More than 90 Australians and Afghans evacuated out of Afghanistan will arrive in Perth on Friday morning as Australia desperately tries to secure landing spots at Kabul airport to rescue more citizens and Afghan visa holders after the takeover by the Taliban.
Afghans wanting to board flights still face a perilous journey to the airport with a total of 12 people killed in and around the airport since the Taliban seized the city on Sunday and reports of the Taliban deterring people who aren’t foreigners from leaving.
In addition to a Royal Australian Air Force flight that collected 26 people on Wednesday morning, 76 Australians and Afghan nationals were able to board a British aircraft late on Wednesday night. It is expected more Afghan nationals with Australian visas will be able to board American and British military flights over the coming days, while Australia is also trying to secure its own landing spots for RAAF aircraft.
The Australians are being taken to Australia’s forward operating base in the Middle East, Al Minhad Airbase, south of Dubai. The first flight back to Australia was scheduled to take off on Thursday night Australian time and arrive in Perth, where the passengers will undertake 14 days quarantine.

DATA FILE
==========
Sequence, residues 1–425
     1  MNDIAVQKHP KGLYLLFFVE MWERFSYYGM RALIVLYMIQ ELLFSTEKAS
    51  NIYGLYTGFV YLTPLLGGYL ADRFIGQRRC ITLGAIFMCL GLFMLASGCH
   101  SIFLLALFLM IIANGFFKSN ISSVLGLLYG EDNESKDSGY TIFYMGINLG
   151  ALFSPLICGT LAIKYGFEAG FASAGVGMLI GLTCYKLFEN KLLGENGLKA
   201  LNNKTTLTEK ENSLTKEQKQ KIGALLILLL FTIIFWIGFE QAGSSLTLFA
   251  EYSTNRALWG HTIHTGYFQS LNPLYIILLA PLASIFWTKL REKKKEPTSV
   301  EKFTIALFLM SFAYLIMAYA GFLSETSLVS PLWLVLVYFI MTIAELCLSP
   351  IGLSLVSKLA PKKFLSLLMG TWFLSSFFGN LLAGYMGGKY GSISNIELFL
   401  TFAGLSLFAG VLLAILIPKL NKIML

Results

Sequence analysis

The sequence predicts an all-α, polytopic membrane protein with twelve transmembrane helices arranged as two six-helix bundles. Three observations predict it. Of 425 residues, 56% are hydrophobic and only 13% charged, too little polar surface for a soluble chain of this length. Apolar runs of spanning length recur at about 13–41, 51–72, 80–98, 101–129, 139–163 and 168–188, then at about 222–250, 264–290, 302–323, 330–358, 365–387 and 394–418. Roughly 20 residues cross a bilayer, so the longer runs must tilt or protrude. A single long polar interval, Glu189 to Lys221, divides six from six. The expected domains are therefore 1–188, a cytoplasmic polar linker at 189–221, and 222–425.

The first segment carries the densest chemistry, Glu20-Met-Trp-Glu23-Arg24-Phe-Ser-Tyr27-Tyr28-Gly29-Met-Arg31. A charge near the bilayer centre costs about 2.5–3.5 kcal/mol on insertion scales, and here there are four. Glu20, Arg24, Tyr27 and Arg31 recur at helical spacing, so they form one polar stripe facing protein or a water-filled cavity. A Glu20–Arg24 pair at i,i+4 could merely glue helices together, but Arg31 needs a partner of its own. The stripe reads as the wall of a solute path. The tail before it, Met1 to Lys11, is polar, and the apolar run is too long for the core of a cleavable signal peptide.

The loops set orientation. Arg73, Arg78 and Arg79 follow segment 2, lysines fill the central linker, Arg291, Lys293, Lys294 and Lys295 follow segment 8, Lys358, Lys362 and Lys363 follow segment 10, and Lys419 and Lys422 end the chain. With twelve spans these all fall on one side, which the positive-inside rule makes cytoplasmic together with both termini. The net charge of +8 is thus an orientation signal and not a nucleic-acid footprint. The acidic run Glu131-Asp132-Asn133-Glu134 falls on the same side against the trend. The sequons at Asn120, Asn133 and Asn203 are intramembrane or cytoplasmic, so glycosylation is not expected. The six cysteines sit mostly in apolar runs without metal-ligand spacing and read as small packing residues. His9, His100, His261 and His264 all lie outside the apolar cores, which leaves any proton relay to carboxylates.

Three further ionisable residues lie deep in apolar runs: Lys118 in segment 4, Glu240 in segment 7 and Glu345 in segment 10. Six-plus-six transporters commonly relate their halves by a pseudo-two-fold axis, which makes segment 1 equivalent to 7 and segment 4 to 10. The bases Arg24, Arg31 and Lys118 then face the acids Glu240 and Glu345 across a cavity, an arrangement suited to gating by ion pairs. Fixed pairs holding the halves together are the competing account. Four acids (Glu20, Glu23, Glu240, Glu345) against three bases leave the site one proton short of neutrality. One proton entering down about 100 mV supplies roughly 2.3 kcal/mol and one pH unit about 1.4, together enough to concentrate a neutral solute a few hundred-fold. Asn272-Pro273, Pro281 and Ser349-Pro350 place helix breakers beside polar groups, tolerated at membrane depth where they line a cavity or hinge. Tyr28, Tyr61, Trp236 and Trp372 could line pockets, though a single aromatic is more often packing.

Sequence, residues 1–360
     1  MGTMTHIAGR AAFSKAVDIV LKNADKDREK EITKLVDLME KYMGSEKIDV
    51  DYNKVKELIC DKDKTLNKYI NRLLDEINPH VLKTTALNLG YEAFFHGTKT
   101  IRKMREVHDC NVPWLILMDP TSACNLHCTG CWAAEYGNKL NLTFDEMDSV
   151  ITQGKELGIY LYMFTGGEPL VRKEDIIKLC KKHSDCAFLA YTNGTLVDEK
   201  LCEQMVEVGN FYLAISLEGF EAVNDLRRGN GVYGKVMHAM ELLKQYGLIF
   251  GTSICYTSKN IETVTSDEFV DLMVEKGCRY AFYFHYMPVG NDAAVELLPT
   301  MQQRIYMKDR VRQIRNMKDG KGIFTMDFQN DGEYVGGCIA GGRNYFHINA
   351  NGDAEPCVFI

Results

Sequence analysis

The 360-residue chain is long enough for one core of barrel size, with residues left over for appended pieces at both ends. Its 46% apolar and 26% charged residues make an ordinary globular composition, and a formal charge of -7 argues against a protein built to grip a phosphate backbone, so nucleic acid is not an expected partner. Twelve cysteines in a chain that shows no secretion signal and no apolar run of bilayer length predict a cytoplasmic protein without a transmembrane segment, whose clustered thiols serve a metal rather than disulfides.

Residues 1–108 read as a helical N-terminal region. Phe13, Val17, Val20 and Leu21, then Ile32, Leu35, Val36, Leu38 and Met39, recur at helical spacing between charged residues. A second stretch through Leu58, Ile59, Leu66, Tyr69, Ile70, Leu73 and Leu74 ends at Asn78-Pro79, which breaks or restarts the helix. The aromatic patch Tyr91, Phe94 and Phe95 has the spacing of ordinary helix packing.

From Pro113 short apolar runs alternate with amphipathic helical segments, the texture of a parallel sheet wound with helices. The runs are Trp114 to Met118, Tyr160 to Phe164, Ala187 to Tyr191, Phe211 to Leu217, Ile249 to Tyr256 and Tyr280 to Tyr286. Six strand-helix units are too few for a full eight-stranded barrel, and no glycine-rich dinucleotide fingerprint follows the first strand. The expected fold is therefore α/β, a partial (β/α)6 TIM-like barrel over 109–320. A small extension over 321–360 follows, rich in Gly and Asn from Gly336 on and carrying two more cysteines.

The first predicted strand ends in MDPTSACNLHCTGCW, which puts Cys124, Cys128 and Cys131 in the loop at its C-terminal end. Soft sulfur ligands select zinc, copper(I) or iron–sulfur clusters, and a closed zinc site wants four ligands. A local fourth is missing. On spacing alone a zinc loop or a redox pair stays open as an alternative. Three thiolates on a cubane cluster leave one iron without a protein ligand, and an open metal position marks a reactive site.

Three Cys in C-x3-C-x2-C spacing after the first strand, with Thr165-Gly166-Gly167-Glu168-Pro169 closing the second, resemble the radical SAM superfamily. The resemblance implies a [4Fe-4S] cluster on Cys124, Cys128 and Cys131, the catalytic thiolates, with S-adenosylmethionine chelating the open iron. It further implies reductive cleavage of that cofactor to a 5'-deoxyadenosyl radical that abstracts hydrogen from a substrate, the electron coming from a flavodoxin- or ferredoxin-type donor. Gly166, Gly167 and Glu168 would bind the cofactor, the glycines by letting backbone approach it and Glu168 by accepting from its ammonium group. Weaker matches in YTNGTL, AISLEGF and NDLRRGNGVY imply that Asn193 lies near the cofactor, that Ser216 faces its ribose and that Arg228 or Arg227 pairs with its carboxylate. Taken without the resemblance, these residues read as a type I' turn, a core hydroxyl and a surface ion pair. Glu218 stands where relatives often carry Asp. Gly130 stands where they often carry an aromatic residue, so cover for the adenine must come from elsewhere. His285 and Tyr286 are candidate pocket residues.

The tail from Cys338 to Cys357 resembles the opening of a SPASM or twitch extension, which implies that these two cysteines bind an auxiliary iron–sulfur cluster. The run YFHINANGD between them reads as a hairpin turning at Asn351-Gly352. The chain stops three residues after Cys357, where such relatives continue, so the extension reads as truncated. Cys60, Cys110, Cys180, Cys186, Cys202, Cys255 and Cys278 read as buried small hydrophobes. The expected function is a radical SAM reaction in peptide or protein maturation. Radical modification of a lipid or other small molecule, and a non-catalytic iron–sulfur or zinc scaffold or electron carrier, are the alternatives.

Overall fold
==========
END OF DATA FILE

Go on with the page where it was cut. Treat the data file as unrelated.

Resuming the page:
Prime Minister Scott Morrison said American and British soldiers had been able to secure the airport which would allow the evacuations to continue. But he warned the weather around Kabul and the “extremely dangerous, extremely complex” security situation outside the airport would continue to pose challenges.
“We expect to continue [evacuation flights] now throughout the course of this week and into next week, but we are moving urgently, but safely, because we are taking nothing for granted,” Mr Morrison said. “The weather is closing in it, which will present challenges over the next few days, but equally the situation can always turn, and so we are moving as quickly as we can.”
Mr Morrison said the British flight also deployed an additional 40 Australian Defence Force personnel in addition to the officials from the ADF, Department of Home Affairs and Department of Foreign Affairs and Trade who were dropped off on Wednesday.
Two C-130 Hercules transport aircraft and two larger C-17A Globemaster transport aircraft are on standby to assist in more evacuations. DFAT on Thursday afternoon sent an urgent advisory out to all Australian citizens, permanent residents and Australian visa-holders in Kabul to immediately travel to the airport for a “planned evacuation flight”.